Lymph Drainage Therapy
Lymph Drainage Therapy (LDT) is one of a variety of similar techniques that work the Lymphatic System of the body. It is characterized by very light touch, rhythmic strokes which stretch the skin rather than gliding over the skin, and a release of the stretched skin. Each stroke consists of two parts: the stretch and the release. Each stroke part lasts the same amount of time.
What Benefits Can I Expect From a Lymph Drainage Therapy Session?
Because if the rhythmic nature of the technique and the very light touch, people find it extremely relaxing. In fact, I often have my clients fall asleep when I am doing LDT on them, more so than all the other massages I give.
But, not only is it relaxing, it is very therapeutic. It is an excellent technique to relieve pain and soreness in joints and in muscles, reduce fluid retention (edema), improve range of motion where there is a restriction, improve the immune system, detoxify the body, decrease wrinkles, help relieve the symptoms of chronic fatigue and fibromyalgia. In conjunction with bandaging, lymph drainage is the gold star treatment for Lymphedema. It can be helpful in treating many other conditions, too numerous to mention here.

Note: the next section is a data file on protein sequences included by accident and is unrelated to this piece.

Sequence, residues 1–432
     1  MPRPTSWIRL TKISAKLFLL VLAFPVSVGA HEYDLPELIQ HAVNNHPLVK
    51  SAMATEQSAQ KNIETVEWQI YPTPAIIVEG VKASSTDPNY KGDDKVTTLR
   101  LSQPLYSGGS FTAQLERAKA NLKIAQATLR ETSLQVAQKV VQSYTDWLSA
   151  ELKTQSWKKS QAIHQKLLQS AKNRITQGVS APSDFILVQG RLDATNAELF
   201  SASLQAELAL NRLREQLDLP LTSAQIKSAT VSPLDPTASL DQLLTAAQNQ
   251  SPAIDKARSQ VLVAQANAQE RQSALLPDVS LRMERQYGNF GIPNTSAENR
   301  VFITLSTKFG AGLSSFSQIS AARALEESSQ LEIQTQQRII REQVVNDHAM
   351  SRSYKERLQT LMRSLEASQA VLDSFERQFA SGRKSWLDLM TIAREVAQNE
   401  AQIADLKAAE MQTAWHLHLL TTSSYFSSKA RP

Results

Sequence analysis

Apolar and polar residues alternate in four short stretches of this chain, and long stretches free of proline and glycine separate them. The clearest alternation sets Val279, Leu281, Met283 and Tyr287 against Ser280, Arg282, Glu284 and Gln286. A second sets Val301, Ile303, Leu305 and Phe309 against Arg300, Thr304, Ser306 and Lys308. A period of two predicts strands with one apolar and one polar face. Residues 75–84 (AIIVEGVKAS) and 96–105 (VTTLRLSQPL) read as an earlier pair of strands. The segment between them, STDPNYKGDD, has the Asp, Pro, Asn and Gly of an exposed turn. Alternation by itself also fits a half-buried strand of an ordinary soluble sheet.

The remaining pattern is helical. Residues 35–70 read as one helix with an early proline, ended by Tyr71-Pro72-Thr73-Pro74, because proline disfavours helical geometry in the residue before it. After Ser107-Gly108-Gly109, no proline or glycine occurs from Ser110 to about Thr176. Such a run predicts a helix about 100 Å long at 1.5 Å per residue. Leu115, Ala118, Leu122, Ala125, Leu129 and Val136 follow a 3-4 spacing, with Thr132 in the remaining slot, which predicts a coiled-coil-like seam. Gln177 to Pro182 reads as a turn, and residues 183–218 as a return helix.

One additional use would be to have a session or two a couple of days before and after surgery. The benefit of having some LDT prior to surgery would be to reduce the amount of fluid within the tissues. This can result in a "cleaner" incision and less fluid leakage into the surgical area. The benefit of having sessions after surgery is to help the body rid itself of the edema (swelling) around the surgical area. This helps the incision to heal more quickly and also to help reduce the possibility of infection.
benefits ranging from detoxification of the body, regeneration of burned, injured or wrinkled tissue, anti-aging effects, and relief of sinusitis, bronchitis, ear infections, chronic pain, fibromyalgia, constipation, insomnia, memory loss, cellulite, and obesity.
What Is The Lymphatic System?
The Lymphatic System is a component of the circulatory system and consists of lymphatic vessels (similar to blood vessels), lymph nodes, lymph fluid. The circulatory system has one pathway for blood to leave the heart (arteries) and two ways for it (blood and components of the blood) to return to the heart (veins and lymph vessels). Many of the lymph vessels parallel the arteries and veins.
Lymph fluid is that portion of the interstitial fluid between cells of tissues (muscles, organs, etc.) that is pulled into the lymph vessels.
The lymphoid organs consist of the Thymus, the tonsils, and the spleen. These, along with the lymph nodes, play an important role in the immune system of the body. They either make or mature the cells that fight infection.
Lymphatic massage, also called lymphatic drainage or manual lymph drainage, is a technique developed in Germany for treatment of lymphedema, an accumulation of fluid that can occur after lymph nodes are removed during surgery, most often a mastectomy for breast cancer.